When high school English teacher David McCullough Jr. told a group of Massachusetts graduates they're not special, he wasn't expecting the deluge of publicity that followed, most of it "enthusiastically positive." He reflects on the experience and offers a follow-up in the Daily Beast, in which he notes that, while waiting for a recent appearance on CBS This Morning, he found himself in the same room as Nobel laureate, economist, and New York Times columnist Paul Krugman. And so McCullough speculates: The very-accomplished Krugman probably never went to "economics camp," he guessed, or got a special $100-an-hour economics tutor.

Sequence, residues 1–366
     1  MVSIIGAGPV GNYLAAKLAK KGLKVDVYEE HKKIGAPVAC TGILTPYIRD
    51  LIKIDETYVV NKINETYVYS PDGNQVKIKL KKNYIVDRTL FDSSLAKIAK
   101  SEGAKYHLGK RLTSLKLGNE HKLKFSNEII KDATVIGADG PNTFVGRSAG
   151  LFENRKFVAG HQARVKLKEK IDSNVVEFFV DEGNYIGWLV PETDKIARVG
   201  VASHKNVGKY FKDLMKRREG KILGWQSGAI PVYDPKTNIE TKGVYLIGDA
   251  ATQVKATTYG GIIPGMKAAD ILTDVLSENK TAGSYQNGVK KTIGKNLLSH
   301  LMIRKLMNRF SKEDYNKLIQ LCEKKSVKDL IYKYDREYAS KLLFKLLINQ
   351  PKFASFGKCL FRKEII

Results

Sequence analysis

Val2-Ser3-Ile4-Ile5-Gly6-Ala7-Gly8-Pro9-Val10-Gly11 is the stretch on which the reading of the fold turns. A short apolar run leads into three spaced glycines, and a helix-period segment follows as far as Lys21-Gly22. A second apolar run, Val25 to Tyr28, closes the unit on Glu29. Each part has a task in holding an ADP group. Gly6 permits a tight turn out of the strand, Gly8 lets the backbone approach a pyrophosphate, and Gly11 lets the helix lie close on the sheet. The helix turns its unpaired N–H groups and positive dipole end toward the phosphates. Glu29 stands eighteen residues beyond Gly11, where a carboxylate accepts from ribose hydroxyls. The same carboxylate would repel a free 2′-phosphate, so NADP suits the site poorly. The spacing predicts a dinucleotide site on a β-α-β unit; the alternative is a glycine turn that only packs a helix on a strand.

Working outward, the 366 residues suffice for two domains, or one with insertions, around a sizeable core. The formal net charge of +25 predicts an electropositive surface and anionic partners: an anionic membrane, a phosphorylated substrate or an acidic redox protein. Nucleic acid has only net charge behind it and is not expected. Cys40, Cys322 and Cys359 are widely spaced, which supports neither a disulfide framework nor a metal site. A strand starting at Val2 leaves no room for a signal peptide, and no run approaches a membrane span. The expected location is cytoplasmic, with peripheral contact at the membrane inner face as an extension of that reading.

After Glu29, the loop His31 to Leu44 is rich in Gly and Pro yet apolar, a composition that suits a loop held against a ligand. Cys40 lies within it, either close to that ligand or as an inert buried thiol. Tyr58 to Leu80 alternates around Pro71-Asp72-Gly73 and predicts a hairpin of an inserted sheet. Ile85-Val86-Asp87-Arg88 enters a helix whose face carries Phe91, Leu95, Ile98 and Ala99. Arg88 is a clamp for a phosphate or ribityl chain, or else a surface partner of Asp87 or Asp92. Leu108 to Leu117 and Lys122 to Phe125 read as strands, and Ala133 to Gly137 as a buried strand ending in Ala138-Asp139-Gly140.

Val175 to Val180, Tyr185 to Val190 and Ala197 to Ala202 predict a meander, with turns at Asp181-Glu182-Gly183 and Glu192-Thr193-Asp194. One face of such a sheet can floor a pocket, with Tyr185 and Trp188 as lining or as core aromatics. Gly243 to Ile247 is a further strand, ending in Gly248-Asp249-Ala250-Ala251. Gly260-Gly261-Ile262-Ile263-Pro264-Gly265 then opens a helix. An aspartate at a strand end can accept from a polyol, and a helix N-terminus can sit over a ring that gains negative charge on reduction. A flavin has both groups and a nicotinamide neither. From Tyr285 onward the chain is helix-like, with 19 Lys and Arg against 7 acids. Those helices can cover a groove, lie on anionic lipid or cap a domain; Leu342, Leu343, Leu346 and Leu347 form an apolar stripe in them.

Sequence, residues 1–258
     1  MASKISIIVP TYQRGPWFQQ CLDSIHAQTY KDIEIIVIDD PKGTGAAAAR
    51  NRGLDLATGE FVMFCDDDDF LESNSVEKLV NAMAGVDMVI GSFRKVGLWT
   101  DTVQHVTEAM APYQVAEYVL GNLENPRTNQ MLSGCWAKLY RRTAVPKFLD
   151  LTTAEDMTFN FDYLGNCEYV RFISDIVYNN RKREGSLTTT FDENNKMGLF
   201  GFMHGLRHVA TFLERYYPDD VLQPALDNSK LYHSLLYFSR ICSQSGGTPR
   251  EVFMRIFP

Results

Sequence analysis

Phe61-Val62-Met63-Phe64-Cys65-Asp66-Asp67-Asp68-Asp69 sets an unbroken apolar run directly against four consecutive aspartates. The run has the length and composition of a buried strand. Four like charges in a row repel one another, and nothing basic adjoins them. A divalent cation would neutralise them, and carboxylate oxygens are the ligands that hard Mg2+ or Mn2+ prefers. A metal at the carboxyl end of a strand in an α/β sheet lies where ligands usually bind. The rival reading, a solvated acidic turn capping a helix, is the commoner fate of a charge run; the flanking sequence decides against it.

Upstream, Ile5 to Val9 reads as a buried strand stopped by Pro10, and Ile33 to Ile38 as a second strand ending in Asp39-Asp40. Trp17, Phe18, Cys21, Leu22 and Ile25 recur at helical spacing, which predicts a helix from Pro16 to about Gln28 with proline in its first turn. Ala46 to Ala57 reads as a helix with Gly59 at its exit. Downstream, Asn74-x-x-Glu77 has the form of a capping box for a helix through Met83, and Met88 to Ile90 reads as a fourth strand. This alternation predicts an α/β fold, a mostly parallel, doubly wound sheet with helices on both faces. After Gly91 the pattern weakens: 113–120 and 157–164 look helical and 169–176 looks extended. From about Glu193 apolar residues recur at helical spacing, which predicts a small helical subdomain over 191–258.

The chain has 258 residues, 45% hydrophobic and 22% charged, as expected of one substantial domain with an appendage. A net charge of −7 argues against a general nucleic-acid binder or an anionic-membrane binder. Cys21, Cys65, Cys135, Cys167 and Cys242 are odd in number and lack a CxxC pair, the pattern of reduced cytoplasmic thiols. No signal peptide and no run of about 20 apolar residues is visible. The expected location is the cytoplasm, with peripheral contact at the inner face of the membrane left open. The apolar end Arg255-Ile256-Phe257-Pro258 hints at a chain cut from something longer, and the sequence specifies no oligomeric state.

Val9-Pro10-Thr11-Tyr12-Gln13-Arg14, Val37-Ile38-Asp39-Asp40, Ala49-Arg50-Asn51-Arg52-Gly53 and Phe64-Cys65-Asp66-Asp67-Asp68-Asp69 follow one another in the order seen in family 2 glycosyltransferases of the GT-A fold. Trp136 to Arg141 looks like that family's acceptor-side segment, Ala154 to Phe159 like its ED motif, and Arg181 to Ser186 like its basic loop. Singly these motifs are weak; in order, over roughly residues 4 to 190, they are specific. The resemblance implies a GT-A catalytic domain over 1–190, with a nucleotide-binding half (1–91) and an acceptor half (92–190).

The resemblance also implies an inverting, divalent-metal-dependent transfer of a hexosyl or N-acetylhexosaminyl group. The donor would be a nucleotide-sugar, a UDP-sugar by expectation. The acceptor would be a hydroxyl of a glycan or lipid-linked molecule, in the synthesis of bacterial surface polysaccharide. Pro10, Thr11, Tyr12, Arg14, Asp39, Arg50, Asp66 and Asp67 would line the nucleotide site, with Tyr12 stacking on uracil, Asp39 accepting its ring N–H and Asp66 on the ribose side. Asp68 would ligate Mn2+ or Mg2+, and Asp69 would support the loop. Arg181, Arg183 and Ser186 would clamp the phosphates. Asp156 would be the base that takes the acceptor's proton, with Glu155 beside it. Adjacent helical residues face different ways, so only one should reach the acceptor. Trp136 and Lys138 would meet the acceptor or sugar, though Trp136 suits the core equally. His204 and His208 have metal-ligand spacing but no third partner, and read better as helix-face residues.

Krugman probably stumbled upon an interest in economics, much as McCullough himself stumbled into teaching. And rather than being coddled along the way, Krugman was probably challenged, his thoughts criticized, leading him to persevere. "For none of this did he feel particularly heroic. Or special," McCullough muses. "And I'll guess over time he came to realize the toil had become a pleasure, then a joy, then a way of life, perhaps even an inextricable part of his being." That's the kind of experience McCullough hopes today's graduates will have. Only then will they truly prize what they've achieved, "because once upon a time it didn't come easy." Full piece here.